Dumped by Don, Jackie then married H, who’s presumably unflustered by digital probes (Preparation H is, after all, a popular haemorrhoid remedy). Don’t laugh. Remember, the guys who wrote Sexy Beast also wrote Gangster No. 1, an exercise in models playing gangsters, and if we think about what children sometimes call their bodily functions we can only be glad they don’t make a sequel called Gangster No. 2, which is basically what reviewers should have called Gangster No 1.

Don also reveals that Gal’s wife Dee Dee used to be a porn actress. This makes sense, since it gives her extensive experience of pretend sex with disinterested men. Married to a porn star, with (Prep) H for a mate, and far from Britain, Gal is presumably free to indulge in anal stimulation and eye pool boys to his fat heart’s content.

But this won’t do for Don, who is so upset at revealing his inner, so to speak, self, that he breaks his tough guy routine, and flees to the airport. Finally regaining his composure, he gets himself removed from the flight and blackmails the airline into letting him go by claiming a steward touched him up, doing a very convincing impersonation of a homophobe. Returning to Gal, he gets killed by Dee Dee, the woman forced to brandish the inevitable lock stock and phallic smoking barrel. Adding insult to fatal injury, Don gets buried in the hole left in the swimming pool by the giant testicle.

Dee Dee’s big swinging shotgun dick contradicts the analysis of gangster movies offered in Love, Honour, and Obey, a cross between a gangster film and Four Weddings And A Funeral which marks, arguably, the nadir (to date) of this British cycle. Ray Winstone in this one found himself among an absurd cast of would-be tough guys like Jude Law and Rhys Ifans, and luvvie molls Sadie Frost and Denise Van Outen. As one so-called hardman explains: “Women fuck it up in the end,” no double entendres intended, but all of them understood. L,H, & O also featured Kathy Burke dragging Ray Durdis’ impotent gangster to sex therapy. You couldn't make it up, except they did!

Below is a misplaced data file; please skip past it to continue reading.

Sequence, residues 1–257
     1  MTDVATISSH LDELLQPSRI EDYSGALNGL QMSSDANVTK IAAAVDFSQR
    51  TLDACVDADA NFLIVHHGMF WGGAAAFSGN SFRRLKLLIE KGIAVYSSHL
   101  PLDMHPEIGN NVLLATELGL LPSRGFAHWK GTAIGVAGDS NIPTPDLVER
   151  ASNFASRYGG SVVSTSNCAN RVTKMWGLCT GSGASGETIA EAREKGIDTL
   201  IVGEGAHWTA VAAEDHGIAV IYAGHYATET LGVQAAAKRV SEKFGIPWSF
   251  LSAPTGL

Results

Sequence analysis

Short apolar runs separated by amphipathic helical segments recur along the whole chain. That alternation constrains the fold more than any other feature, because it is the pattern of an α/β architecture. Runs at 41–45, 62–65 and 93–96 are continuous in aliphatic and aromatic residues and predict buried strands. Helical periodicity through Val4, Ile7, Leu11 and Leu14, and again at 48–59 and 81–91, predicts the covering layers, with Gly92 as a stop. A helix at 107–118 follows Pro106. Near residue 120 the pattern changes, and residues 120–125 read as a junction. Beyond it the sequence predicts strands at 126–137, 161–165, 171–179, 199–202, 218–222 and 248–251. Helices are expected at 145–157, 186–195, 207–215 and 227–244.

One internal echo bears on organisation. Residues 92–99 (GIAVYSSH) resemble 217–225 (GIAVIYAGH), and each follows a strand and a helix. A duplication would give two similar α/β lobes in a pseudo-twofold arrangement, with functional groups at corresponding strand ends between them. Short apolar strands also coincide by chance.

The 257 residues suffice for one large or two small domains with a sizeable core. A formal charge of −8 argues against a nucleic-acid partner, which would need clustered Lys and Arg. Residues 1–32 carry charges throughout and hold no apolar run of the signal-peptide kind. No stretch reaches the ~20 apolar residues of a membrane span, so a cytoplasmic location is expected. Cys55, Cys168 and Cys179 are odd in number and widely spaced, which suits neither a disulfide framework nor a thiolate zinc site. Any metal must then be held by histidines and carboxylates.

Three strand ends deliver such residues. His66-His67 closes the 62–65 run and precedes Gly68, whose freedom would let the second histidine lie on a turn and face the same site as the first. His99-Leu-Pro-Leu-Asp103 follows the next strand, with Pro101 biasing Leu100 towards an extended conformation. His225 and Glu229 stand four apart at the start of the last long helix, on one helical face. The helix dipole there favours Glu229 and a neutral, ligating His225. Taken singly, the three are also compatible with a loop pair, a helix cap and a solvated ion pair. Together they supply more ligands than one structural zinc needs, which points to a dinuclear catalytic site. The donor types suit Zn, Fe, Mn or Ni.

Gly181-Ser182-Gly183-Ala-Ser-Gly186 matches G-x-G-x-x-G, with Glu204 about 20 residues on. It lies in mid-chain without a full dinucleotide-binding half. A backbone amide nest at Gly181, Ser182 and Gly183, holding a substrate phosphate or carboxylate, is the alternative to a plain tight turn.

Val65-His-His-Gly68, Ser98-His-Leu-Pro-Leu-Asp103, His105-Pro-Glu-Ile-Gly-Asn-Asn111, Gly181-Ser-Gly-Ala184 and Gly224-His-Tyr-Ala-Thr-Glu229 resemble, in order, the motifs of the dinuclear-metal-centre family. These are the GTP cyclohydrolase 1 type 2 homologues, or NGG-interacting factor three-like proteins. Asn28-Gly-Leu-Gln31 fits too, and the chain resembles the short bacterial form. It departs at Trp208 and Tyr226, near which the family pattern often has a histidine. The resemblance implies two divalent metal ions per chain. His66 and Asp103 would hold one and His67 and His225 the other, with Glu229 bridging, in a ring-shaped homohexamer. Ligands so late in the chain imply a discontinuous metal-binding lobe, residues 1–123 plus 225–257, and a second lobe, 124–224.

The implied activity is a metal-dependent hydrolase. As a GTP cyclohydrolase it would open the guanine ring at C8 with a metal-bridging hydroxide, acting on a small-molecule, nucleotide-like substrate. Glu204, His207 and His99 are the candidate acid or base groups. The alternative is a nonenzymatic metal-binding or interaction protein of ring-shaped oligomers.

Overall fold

Back in Sexy Beast Spain, despite DeeDee’s taking care of business, Gal still must return to London. The big caper has been organised by crime lord Teddy Bass (Ian McShane, who's the most convincing thing in the film), in elaborate revenge for being buggered by bank chairman Harry at some Cliveden-style society orgy. Harry is played by James Fox, who’s wandered in from a remake of Performance, and we all know what that signifies. And did you happen to notice that the working class crime lord so offended by the upper class’ polymorphous perversion is named Teddy Bass, or Teddy Be Ass. I warned you.

How do Teddy Be Ass’ villains revenge themselves on gay Harry? They assemble, naked in a Turkish bath. Do I need to draw you a picture? In case I do, they penetrate the backside of the bank with a giant dildo of a power drill, shades of Thunderbolt and Lightfoot, an American buddy picture which wore its sexual role reversals on the sleeves of the dress Jeff Bridges had to wear. When Teddy B. Ass's boys break through into the vault, it releases a huge spurt of water. The naked gangsters swim up the tube and grab Harry’s jewels. Gal stuffs some earrings for DeeDee into his bikini, thus providing himself with the set of the family jewels he lacks. Teddy, having raped Harry’s vault, then shoots Harry in a needless bit of literal overkill. He drops Gal at a bus stop, paying him a tenner like a used hooker, knowing the secret of his shame is safe with a Gal. It’s a buddy movie gone haywire. Having, like Teddy, proved he’s NOT homosexual, Gal can now return to Spain, give DeeDee the family jewels, and enjoy a eunuch's retirement, accepting his femininity, frolicking on top of Don’s body in his pool.

Far-fetched? Director Jonathan Glazer claimed the eponymous Sexy Beast was money, but I think he was having us on. The Guardian’s critic Jonathan Romney, without a hint of irony, described Sexy Beast avoiding “the usual gangster geezerisms”. He noted that “above one hard man there is another, then another, then another….”, then pointed out Ian McShane as Teddy Bass played the ultimate man on top, “with a curiously prissy walk”. He thought Glazer might be “trying to cram too much in”. Some of us might suggest that’s the whole point. As I said before: DO I HAVE TO DRAW YOU A PICTURE?


Anonymous said...

Excellent stuff.

Anonymous said...

Killing Harry was necessary as he was the only one who might put 2 and 2 together and conclude that Teddy was behind the heist. The buggery that gave Teddy access to the Harry's vaults was just a secondary motive to kill him, but that might not be obvious to anyone obsessed with buggery.